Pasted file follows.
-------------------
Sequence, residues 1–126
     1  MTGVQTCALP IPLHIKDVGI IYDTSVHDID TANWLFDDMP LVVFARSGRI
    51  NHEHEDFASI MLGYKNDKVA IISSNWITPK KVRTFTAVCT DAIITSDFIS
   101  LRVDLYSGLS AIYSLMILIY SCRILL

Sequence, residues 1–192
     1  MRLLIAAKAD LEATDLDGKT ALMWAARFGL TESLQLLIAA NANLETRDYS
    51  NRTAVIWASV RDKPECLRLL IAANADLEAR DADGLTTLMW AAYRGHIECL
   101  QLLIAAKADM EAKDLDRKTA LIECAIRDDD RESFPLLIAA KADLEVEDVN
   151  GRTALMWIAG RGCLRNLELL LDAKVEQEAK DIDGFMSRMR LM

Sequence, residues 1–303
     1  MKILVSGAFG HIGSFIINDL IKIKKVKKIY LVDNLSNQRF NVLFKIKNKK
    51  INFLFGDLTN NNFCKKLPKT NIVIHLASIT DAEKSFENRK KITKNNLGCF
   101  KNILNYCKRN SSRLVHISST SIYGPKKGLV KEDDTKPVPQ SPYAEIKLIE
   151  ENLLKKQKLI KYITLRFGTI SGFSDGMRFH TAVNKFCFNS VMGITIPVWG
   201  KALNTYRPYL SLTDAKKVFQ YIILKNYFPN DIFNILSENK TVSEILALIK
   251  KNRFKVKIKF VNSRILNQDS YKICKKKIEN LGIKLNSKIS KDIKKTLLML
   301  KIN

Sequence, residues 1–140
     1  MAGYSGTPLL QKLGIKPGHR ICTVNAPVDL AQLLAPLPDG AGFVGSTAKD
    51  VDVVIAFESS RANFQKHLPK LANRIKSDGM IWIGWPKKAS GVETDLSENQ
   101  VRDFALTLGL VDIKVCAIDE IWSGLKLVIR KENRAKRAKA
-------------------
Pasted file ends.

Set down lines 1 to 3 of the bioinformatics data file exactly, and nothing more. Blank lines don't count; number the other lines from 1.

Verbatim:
Sequence, residues 1–126
     1  MTGVQTCALP IPLHIKDVGI IYDTSVHDID TANWLFDDMP LVVFARSGRI
    51  NHEHEDFASI MLGYKNDKVA IISSNWITPK KVRTFTAVCT DAIITSDFIS